For starters, Dwayne Polee looks like he’s ready for a monster senior season. He scored in double figures in nine of the last 14 games of 2013-2014 and averaged 13.7 points in six postseason games. He needed to round out his offensive arsenal during the offseason, but his confidence should be there, and that’s a major hurdle to get past. Winston Shepard showed signs of becoming one of the better players in the Mountain West, and he’s a consistent jump shot away from being a really dangerous slasher. Throw in promising youngsters Dakarai Allen, Matt Shrigley, Kevin Zabo and Trey Kell, and someone is going to be able to provide scoring pop off the bench.

The Aztecs will rarely win games pretty. Every night is going to be a grind-it-out, physical battle, meaning that we should expect a lot of close games involving Fisher’s crew this season. But if a couple of guys took a step forward this offseason and the Aztecs are as good as we expect defensively and on the glass, this is a team that should be able to make the Sweet 16 again this season.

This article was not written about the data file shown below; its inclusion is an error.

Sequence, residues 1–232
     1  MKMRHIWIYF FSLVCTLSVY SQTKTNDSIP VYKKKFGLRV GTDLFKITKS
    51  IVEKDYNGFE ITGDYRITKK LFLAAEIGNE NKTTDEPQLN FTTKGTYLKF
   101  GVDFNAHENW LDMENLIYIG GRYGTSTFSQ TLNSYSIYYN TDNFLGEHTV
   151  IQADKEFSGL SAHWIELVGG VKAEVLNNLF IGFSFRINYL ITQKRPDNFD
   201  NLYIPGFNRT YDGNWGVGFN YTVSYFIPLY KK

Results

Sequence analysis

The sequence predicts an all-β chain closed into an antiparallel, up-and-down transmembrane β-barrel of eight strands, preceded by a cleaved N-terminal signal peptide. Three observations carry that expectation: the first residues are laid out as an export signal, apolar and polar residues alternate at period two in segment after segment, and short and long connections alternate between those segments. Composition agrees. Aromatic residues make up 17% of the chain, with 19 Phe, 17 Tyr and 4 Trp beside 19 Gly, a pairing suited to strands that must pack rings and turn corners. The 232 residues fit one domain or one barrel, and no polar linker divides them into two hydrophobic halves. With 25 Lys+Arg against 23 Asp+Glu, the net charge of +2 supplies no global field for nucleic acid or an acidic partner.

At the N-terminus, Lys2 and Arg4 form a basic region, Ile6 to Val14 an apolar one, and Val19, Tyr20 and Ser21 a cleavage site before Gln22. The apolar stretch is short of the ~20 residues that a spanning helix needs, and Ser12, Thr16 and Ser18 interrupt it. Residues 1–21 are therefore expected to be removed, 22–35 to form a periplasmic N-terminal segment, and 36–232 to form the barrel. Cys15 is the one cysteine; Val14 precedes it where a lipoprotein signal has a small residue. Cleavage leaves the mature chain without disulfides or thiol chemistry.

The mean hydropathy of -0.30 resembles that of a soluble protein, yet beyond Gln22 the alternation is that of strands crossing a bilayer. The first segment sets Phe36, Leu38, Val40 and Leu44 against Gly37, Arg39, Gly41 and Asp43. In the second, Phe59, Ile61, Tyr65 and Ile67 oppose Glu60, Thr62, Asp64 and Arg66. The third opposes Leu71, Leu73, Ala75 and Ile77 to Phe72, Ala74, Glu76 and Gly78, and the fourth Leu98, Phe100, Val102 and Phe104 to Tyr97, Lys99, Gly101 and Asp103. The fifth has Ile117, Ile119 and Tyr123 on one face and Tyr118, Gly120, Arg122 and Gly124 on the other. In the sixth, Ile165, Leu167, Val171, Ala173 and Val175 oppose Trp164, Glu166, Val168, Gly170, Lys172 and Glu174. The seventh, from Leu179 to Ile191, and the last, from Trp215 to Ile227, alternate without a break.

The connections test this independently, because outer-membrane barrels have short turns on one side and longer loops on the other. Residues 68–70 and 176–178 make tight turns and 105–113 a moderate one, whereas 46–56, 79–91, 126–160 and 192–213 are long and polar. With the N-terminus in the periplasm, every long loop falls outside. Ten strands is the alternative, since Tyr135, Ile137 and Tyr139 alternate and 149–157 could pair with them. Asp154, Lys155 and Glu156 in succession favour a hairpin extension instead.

2014-2015 Season Preview: Ranking the biggest X-Factors

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Beginning on October 3rd and running up until November 14th, the first day of the season, College Basketball Talk will be unveiling the 2014-2015 NBCSports.com college hoops preview package.

Here is our list of this season’s biggest x-factors.

MORE: 2014-2015 Season Preview Coverage | Conference Previews | Preview Schedule

Kentucky’s buy-in: No team in the country has as much talent on their roster as Kentucky does, but the Wildcats may actually be too deep this season. They’re so deep, in fact, that John Calipari is considering using a platoon system — with five-man shifts — like he is coaching hockey. Eventually, someone’s minutes are going to get cut. Someone is going to have to accept the fact they’re a role player, nothing more than a screener or rebounder or defensive presence. If every Wildcat, from the Harrisons twins to Sam Malone, buys into this idea, Kentucky is going to be very, very tough to beat.